High popularity did not entail high activity. Many site have many users spending little time on them. A good example is of a search site, where users come, submit a query, get the result, and if satisfied, leave the site.

This results in a low dwell time even though user expectations were entirely met.

The same holds for a site on Q&A, or a weather site. What matters for such sites is their popularity.

Any patterns? Yes … 

To identify engagement patterns, we grouped the 80 sites using clustering approaches applied to the eight engagement metrics. We also extracted for each group which metrics and their values (whether high or low) were specific to that group. This process generated five groups with clear engagement patterns, and a sixth group with none:

  • Sites where the main factor was their high popularity (for example as measured by the high numbers of users). Examples of sites following this pattern include media sites providing daily news and search sites. Those are sites where users interact in various ways with them; what is common is that they are used by many users.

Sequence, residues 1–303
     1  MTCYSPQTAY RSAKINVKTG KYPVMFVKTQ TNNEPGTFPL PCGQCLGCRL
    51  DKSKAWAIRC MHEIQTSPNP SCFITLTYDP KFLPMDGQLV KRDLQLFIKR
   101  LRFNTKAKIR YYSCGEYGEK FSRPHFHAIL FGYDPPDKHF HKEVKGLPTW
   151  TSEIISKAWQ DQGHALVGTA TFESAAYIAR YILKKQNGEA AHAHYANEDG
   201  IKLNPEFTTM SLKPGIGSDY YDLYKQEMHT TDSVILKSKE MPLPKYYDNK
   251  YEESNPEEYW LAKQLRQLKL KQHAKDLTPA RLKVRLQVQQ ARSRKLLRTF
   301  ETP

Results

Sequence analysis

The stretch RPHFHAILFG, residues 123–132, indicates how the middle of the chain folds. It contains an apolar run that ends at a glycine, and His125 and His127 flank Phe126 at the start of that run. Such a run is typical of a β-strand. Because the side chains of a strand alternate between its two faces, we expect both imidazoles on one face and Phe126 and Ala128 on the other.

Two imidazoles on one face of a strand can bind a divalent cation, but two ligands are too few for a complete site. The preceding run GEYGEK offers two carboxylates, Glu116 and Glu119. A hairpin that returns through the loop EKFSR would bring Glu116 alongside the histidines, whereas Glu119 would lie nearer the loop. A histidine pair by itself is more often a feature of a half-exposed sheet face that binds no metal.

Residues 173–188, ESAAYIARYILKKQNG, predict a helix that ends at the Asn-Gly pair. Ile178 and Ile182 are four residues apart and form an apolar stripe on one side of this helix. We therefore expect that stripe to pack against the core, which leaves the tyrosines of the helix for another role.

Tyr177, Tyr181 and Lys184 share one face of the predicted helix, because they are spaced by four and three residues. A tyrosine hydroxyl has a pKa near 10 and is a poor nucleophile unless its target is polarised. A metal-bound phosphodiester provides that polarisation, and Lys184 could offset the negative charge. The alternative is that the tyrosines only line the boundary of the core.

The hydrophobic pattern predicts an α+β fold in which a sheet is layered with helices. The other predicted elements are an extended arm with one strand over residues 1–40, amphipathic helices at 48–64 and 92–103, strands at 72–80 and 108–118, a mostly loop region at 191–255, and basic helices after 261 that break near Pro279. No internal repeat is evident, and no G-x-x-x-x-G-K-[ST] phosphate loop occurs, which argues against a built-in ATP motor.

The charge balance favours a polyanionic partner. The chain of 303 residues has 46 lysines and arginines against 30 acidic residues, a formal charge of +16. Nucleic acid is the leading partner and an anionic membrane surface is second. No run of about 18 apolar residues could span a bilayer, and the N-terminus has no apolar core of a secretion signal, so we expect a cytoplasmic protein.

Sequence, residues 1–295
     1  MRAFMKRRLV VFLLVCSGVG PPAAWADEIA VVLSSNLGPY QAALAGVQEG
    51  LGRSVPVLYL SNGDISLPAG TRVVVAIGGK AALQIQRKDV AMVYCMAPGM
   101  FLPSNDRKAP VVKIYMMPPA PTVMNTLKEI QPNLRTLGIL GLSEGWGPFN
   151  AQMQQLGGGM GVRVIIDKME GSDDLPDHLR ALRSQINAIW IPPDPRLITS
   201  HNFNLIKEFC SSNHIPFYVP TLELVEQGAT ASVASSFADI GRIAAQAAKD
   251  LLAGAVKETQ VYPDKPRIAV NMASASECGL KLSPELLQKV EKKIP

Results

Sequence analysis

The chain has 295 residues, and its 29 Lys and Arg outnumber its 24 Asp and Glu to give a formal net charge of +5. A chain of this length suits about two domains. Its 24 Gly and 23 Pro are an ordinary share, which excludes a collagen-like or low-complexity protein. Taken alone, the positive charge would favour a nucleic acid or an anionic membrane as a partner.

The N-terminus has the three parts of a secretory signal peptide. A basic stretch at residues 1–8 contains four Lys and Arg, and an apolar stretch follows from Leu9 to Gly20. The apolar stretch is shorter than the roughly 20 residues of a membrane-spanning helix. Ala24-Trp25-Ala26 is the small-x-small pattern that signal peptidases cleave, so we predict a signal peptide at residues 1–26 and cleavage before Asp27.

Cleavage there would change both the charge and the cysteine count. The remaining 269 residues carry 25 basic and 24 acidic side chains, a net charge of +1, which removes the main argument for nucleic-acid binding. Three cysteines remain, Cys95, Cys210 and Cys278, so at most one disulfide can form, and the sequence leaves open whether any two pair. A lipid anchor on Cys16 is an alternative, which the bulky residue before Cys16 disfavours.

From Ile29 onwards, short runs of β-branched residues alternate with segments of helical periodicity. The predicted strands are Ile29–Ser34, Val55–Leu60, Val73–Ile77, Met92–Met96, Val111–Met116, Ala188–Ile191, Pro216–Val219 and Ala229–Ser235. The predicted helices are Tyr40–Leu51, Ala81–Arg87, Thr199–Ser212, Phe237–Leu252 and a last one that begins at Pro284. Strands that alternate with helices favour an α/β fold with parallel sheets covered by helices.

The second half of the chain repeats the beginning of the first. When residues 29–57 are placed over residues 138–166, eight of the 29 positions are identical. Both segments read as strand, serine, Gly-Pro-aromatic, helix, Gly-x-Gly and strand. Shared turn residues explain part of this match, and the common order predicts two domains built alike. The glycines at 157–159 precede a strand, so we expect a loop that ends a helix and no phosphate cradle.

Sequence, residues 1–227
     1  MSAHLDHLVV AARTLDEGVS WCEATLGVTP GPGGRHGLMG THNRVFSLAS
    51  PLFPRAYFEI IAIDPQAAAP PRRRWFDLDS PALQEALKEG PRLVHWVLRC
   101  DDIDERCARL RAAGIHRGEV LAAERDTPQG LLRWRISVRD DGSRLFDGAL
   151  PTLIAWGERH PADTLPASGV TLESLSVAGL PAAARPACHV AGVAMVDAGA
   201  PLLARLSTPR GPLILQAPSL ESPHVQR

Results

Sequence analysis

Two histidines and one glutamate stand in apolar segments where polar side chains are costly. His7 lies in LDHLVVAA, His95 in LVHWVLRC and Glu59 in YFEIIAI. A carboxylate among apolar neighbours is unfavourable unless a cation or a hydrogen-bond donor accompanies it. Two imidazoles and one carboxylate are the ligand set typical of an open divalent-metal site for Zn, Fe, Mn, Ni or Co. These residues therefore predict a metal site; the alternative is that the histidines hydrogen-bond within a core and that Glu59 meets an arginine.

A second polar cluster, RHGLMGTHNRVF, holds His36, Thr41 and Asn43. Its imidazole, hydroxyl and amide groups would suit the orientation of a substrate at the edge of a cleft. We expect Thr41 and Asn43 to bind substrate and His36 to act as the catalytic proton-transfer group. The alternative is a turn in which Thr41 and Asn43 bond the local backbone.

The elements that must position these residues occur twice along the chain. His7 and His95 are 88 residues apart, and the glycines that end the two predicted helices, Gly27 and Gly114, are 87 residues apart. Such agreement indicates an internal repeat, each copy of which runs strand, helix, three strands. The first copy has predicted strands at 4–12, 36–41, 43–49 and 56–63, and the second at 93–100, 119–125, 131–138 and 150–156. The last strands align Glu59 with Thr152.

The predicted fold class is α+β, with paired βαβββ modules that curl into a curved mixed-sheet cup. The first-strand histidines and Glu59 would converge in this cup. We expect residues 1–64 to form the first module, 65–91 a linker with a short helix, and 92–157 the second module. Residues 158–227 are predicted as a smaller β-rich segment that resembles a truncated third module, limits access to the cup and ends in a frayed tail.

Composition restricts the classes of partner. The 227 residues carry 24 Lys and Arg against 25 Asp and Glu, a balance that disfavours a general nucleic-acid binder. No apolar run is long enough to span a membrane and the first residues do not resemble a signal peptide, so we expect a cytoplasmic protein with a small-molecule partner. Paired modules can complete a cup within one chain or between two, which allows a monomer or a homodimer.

• Sites with low popularity, for instance having a low number of visits. Many interest-specific sites followed this pattern. Those sites center around niche topics or services, which do not attract a large number of users.
  • Sites with a high number of clicks per visit. This pattern was followed by e-commerce and configuration (accessed by users to update their profiles for example) sites, where the main activity is to click.
  • Sites with high dwell time and low clicks per visit, and with low loyalty. This pattern was followed by domain-specific media sites of periodic nature (new content published on a weekly basis), which are therefore not often accessed. However when accessed, users spend more time to consume their content. The design of such sites (compared to mainstream media sites) leads to such type of engagement, since new content was typically published on their homepage. Thus users are not enticed to reach (if any) additional content.